After that, I had them repeat after me some expressions that they can use if they don’t understand what someone says. I did not go into any deep explanation because many of the questions had been introduced in the first class as classroom English, so this was more of a review than anything for them.

Next, we did a short dictation activity in the book. There were three conversations and they had to listen and fill in the blanks. I then asked them to practice each conversation with their partner.

I then had two students hand out the vocabulary worksheet and before I had them start I had them repeat the words after me. This activity did not take them too long to finish, so while I was asking them for the answers, I would ask them questions such as ‘Do you like…?’ or ‘Do you often eat…?’ I probably should not have continued to do this so much because by the time we finished there was not a lot of time left for the final conversation practice. What I had planned was to have them memorize the conversation using what they liked and then choose some pairs to present, but this time I just got them to practice and I walked around asking certain pairs to present for me individually.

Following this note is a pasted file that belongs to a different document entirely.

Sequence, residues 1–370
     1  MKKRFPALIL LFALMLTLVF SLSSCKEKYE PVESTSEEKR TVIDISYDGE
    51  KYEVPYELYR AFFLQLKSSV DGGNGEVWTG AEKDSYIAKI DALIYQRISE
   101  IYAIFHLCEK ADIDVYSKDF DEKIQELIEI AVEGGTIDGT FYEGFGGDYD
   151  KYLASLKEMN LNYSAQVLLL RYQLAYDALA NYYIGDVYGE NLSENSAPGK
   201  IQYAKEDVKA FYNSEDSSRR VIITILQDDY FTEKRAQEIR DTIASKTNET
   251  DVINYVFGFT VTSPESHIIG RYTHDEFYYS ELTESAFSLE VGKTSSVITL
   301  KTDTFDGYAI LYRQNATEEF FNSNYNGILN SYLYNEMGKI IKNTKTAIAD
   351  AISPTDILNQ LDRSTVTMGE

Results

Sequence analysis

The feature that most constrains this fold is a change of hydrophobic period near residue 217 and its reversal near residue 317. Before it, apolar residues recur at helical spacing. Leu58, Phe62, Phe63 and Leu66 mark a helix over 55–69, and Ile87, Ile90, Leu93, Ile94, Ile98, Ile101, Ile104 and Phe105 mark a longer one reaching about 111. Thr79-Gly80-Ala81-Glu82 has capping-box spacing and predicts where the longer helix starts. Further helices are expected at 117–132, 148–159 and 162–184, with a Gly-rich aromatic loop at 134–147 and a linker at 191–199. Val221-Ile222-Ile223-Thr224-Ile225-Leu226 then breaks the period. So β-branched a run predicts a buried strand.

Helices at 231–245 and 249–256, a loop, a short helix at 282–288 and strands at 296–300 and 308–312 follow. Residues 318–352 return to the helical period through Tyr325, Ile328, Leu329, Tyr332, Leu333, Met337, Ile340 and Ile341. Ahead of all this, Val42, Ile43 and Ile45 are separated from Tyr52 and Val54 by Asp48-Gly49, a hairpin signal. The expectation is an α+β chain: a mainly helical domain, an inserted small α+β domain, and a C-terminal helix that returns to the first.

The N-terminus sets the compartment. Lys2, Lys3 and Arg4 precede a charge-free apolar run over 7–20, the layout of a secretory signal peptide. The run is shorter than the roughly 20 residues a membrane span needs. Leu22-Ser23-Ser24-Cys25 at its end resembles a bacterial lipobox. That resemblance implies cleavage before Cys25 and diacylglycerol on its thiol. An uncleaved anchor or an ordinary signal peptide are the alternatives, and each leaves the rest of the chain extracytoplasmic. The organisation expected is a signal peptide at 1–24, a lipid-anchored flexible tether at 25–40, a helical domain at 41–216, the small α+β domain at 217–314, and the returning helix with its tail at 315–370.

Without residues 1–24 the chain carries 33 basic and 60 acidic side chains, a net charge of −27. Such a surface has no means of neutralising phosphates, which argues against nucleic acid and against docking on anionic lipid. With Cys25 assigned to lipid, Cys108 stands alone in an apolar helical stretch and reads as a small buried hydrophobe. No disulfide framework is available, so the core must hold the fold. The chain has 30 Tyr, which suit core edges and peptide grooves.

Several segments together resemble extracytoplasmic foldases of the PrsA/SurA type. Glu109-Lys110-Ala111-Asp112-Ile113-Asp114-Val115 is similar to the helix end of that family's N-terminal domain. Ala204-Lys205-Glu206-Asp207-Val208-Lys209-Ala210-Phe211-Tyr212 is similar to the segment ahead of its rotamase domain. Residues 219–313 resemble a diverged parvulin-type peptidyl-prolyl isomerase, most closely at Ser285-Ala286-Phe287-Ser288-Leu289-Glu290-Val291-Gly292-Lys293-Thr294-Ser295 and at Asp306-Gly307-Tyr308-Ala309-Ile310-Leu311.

I shot the sheriff, but I did not shoot the TOEIC test.

I will continue making this post although it will be fairly short from now on because the class format does not vary that much. We usually go through the homework together, then the new list of vocabulary, followed by the textbook. I also encourage a lot of free talking due to the small number of students, but it usually just ends up me doing most of the talking. Perhaps in future classes, I will try to reduce the amount of teacher talk and focus a little more on the book. However, after this semester, I am debating whether I will continue to use a textbook or not because there are a lot of questions that I can use for the academic word list on-line, and if I can come up with some test-style questions on my own, it may not be necessary to ask students to buy a textbook, although finding TOEIC type questions is easier said than done. In the end though, I consider vocabulary to be the biggest thing and with such a small class, some speaking activities, even if it is only read an article and talk about it orally, may be good practice for them for the TOEIC.